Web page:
We all know that salt is the best friend of food. It turns out that the same is true for beer.
Technically, all salts are chemically equal in their makeup of sodium chloride, but there are differences between artisan varieties and the table salt we all grew up with. Table salt is usually mined from salt deposits, remnants of ancient seas since they dried up.
Sea salt is typically harvested directly from current bodies of seawater. Artisan salts are also usually unrefined and sometimes appear colored and contain trace minerals, which contribute to their more complex flavors. Beer salt has been finding itself in beer’s spotlight much these days thanks to one style in particular-the Gose (German beer style). In this spicy, tart, wheat style, the salt adds a crisp, briny note to contrast the tart flavors.
Typical gose recipes call for one-half to a full ounce of salt for a 5-gallon batch. Brewers are discovering the subtle, yet integral part culinary artisan salts can play in this historic beer style. Since salt is used in a small amount, a brewer can be forgiven for not giving much thought to what kind of salt to use. But since it’s a unique and signature ingredient of this style, it’s worth picking the right salt for the desired impact.
What Is Beer Salt?
It a coarse salt which is added to beer, a practice that is popular in Mexico and parts of Central and South America. In Mexico, they have been enjoying a salty drink called Michelada since the early 1900s. This drink consists of beer, lime juice, various spices and sauces in a salt-lined glass. Now, if that seems more like a Margarita than a beer, maybe Michelada is more your speed.
This addition is generally for flavoring. As with cooking, sprinkling salt into a beer helps flavors pop, rounds out rough edges and adds depth. Salted beers should be nuanced- if it tastes salty, you have probably overdone it. The intended effect is a balance- the beer should taste excellent, though you can’t put your finger on why.
Some beer salts are just salts while some are flavored to taste like lemon or lime. Historical anecdotes about salting beer also suggest that it was intended for preventing dehydration and cramping and provide a quick fix for a beer without flavor. Cramping is the side effect of dehydration, and some references suggest that adding salt to beer allows one to work without cramping up after drinking.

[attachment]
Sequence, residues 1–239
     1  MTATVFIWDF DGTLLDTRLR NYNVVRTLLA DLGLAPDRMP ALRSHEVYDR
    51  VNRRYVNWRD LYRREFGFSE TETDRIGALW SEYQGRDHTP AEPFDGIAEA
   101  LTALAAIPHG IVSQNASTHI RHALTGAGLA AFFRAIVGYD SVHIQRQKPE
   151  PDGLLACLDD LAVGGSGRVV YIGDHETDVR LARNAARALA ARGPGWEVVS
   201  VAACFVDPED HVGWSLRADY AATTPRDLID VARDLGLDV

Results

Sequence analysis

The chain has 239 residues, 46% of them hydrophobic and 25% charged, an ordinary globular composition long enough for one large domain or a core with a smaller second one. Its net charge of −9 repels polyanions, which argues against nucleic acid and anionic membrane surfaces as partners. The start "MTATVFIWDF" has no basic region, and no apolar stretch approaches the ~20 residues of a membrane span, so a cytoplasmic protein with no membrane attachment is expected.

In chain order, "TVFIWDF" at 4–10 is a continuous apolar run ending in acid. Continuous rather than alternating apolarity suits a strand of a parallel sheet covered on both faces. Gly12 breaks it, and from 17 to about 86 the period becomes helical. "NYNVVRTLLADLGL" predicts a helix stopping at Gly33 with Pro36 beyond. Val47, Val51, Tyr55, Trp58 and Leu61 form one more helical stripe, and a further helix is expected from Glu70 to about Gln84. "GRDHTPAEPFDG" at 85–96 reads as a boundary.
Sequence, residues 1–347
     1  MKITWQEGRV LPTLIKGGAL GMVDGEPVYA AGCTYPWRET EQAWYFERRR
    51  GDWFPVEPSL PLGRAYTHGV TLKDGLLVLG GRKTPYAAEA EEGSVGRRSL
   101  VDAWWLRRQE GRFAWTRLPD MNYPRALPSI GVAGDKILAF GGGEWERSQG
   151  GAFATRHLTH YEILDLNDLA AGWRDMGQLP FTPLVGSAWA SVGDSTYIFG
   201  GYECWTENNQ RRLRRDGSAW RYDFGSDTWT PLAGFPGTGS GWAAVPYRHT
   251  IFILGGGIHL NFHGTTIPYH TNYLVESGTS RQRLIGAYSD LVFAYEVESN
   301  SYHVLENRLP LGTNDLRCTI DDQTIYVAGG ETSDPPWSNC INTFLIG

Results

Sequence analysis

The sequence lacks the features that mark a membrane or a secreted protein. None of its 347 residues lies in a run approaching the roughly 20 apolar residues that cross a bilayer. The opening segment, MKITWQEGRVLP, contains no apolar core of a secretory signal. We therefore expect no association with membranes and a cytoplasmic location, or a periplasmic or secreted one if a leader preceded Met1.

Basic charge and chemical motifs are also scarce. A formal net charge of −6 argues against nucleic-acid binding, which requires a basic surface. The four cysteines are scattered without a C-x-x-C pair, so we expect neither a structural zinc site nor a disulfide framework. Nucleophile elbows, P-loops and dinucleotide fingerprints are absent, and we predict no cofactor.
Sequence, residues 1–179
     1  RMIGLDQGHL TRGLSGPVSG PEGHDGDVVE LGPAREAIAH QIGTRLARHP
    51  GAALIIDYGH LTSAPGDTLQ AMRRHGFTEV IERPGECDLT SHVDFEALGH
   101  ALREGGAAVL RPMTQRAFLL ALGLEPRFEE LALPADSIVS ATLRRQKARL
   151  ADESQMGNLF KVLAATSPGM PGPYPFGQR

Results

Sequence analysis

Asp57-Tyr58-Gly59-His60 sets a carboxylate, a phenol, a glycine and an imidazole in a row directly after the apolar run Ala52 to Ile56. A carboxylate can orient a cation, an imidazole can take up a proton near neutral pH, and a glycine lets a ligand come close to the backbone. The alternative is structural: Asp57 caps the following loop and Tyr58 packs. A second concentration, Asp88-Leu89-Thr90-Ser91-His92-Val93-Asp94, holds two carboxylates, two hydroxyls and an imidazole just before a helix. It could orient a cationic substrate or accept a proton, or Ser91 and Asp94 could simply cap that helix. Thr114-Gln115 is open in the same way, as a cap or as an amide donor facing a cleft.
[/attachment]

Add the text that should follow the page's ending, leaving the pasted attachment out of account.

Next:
The consumption of salt helps the body to retain the water, possibly counteracting alcohol’s dehydration effect. But adding salt to beer isn’t recommended as a method of preventing dehydration, as some even suggest that the addition of salt makes a drinker thirsty, thereby making her or him want another beer and boosting the consumption of alcohol in the process.
Others add salt to beer just for flavor purposes. Post-prohibition, the beer had turned into, let’s say an ugly being. Breweries had to cut the costs, and they started to use cheaper ingredients like corn or rice, which made for an almost flavorless beer.
Adding a dash of salt to brew is a prevalent practice in Mexico, just as is adding a slice of lime or lemon. Even some U.S. bartenders regularly serve Mexican beers with a slice of lime or lemon. When beer salt is added to American lagers and other kinds of beer, it results in an immediate change to the beer’s foam.
Some beers which are salted give off an intense lime or lemon aroma, even when the salt is not flavored. If you add a single slice of lemon or lime to a ber, you can create a foaming reaction very similar to that seen with beer salts. Salting beer seems to be a matter of experimentation because the resulting change in flavor varies significantly from beer to beer.
That said, beers with sweet undertones may surrender some of the sweetness when the saltiness from a citrus-flavored beers salt is sprinkled on top. Some people have noted, that the delicious flavors are apparent after the taste of salt passes. One who wants to try beer salts is advised to start with just a little amount of salt because the change in flavor can be significant, and experimenting with different kinds of brews may be necessary if one is to find a blend of beer and salt which suits her or his tastes.
Specialty beer salt can be found in some grocery stores and online. Coarse sea salt will have a similar effect but without the citrus flavor. And if you add an ingredient such as a slice of citrus fruit it can also mimic a change in taste which Is similar to beer salting.
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How To Add Beer Salt?
The first step, of course, is choosing the right beer, as you probably won’t enjoy a salted stout or porter, or even an IPA. A pale ale might work, but it’s probably the best option to stick with wheat and lager beers. After you have chosen the beer, add a dash or two of beer salt, depending on how salty you like your beer, to the top of it or you can line the rim of the can or glass. Continue to add more dashes if you want. Lick, drink, and repeat!
When it comes to beer salt, probably the biggest and the most renowned producer is Twang. Twang make five different flavors of beer salt, in little bottles that you apply directly to the glass or the rim of your bottle before you drink. You can choose between Twang Michelada Especial Beer Salt, Twang Lemon-Lime Beer Salt, Twang Lime Beer Salt, Twang Orange Beer Salt, Twang Hot Lime Beer Salt and Twang Clamato Chili-Lime Salt. All of them add a unique and specific note to a beer’s flavor.
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